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Les quatre branches communautaires

L’Institut Religieux Masculin Mère du Divin Amour
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Les Laïcs Consacrés
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L’Institut Religieux Féminin Mère du Divin Amour
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Les Familles
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Père Alphonse Kouadio Yao

Institut Religieux Masculin Mère du Divin Amour

June 1985: The image of a young Afghan woman with intense green eyes in a red headscarf makes the cover of the National Geographic Magazine. The portrait was taken in 1984 by the amazing photojournalist and visual storyteller Steve McCurry. Compared with Leonardo Da Vinci’s painting of Mona Lisa, the portrait has been called “the First World’s Third World Mona Lisa” and it became a symbol of refugee girl / woman in a distant camp.

January 2002: A National Geographic team traveled to Afghanistan, in a new attempt to locate the young woman who had become the most recognized photo in the history of National Geographic. Steve McCurry found out that the Nasir Bagh refugee camp in Pakistan


Steve McCurry's

Institut Religieux Féminin Mère du Divin Amour

June 1985: The image of a young Afghan woman with intense green eyes in a red headscarf makes the cover of the National Geographic Magazine. The portrait was taken in 1984 by the amazing photojournalist and visual storyteller Steve McCurry. Compared with Leonardo Da Vinci’s painting of Mona Lisa, the portrait has been called “the First World’s Third World Mona Lisa” and it became a symbol of refugee girl / woman in a distant camp.

January 2002: A National Geographic team traveled to Afghanistan, in a new attempt to locate the young woman who had become the most recognized photo in the history of National Geographic. Steve McCurry found out that the Nasir Bagh refugee camp in Pakistan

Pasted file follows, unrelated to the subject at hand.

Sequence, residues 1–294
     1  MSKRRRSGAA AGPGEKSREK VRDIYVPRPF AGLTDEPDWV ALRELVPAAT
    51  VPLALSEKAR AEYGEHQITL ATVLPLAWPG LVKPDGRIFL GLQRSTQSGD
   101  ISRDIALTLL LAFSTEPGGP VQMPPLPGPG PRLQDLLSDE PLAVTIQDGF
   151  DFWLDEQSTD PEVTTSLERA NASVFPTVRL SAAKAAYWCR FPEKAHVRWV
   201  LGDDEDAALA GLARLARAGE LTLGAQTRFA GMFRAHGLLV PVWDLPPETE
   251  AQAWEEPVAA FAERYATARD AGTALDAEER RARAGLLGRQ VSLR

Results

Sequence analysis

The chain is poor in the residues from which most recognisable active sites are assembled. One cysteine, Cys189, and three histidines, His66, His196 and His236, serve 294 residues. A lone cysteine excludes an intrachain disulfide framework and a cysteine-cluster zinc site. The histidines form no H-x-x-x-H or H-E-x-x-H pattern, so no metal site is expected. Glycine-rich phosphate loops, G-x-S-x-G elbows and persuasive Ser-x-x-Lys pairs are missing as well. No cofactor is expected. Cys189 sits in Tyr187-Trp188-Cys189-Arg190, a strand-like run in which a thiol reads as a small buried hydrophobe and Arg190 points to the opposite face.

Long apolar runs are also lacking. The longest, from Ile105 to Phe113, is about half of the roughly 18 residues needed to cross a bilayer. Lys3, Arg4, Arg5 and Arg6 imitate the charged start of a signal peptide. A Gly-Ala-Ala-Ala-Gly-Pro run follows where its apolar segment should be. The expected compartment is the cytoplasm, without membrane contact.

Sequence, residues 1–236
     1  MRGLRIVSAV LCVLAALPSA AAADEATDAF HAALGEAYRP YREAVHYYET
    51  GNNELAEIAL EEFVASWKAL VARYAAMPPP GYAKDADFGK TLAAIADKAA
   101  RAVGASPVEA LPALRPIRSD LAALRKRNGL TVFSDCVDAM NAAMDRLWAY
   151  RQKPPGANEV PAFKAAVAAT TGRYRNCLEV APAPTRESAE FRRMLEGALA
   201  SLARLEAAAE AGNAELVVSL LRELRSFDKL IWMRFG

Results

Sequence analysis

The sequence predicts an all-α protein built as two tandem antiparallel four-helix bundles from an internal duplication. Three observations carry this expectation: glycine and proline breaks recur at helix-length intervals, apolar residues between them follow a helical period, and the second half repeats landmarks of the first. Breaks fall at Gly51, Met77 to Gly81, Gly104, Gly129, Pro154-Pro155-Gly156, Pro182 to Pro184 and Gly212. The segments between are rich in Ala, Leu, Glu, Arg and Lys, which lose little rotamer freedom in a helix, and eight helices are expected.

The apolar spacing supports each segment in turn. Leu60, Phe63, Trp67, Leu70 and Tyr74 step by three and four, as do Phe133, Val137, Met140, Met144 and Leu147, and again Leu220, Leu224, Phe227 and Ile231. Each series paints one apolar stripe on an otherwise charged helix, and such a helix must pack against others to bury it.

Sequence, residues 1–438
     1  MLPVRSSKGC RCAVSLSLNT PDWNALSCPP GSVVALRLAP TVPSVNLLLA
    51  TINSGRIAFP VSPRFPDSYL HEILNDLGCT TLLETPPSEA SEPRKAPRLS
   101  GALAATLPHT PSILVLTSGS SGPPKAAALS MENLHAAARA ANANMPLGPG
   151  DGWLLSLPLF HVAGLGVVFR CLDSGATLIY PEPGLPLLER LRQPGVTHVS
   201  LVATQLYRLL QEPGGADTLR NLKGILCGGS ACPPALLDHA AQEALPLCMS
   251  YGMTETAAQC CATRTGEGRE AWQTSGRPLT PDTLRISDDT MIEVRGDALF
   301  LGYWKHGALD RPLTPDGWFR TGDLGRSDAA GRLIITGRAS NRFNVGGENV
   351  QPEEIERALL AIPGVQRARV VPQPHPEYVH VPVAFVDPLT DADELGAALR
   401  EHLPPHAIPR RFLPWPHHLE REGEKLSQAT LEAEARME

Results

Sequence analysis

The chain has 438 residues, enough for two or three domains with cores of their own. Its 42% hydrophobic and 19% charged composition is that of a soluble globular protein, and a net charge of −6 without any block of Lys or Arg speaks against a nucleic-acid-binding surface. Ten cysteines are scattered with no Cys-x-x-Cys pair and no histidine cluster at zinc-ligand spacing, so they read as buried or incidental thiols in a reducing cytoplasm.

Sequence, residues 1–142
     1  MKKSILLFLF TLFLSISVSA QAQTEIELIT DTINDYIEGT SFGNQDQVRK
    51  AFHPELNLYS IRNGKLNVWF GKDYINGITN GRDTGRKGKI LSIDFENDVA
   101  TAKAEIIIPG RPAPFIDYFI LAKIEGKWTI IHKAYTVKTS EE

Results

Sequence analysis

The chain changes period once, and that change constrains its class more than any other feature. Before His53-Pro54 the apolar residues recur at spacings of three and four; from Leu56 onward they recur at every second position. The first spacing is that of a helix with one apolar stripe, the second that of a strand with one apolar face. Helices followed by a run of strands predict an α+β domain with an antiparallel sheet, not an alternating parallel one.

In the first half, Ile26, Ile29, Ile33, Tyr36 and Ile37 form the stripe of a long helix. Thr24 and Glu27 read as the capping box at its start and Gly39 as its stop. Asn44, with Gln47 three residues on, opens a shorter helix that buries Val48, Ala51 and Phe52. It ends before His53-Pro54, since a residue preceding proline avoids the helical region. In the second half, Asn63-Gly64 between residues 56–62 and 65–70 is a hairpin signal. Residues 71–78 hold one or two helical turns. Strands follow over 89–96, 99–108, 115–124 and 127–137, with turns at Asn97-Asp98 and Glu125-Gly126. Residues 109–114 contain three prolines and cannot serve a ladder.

Steve McCurry's

Les Laïcs Consacrés

June 1985: The image of a young Afghan woman with intense green eyes in a red headscarf makes the cover of the National Geographic Magazine. The portrait was taken in 1984 by the amazing photojournalist and visual storyteller Steve McCurry. Compared with Leonardo Da Vinci’s painting of Mona Lisa, the portrait has been called “the First World’s Third World Mona Lisa” and it became a symbol of refugee girl / woman in a distant camp.

January 2002: A National Geographic team traveled to Afghanistan, in a new attempt to locate the young woman who had become the most recognized photo in the history of National Geographic. Steve McCurry found out that the Nasir Bagh refugee camp in Pakistan


Steve McCurry's

Les Familles

June 1985: The image of a young Afghan woman with intense green eyes in a red headscarf makes the cover of the National Geographic Magazine. The portrait was taken in 1984 by the amazing photojournalist and visual storyteller Steve McCurry. Compared with Leonardo Da Vinci’s painting of Mona Lisa, the portrait has been called “the First World’s Third World Mona Lisa” and it became a symbol of refugee girl / woman in a distant camp.

January 2002: A National Geographic team traveled to Afghanistan, in a new attempt to locate the young woman who had become the most recognized photo in the history of National Geographic. Steve McCurry found out that the Nasir Bagh refugee camp in Pakistan

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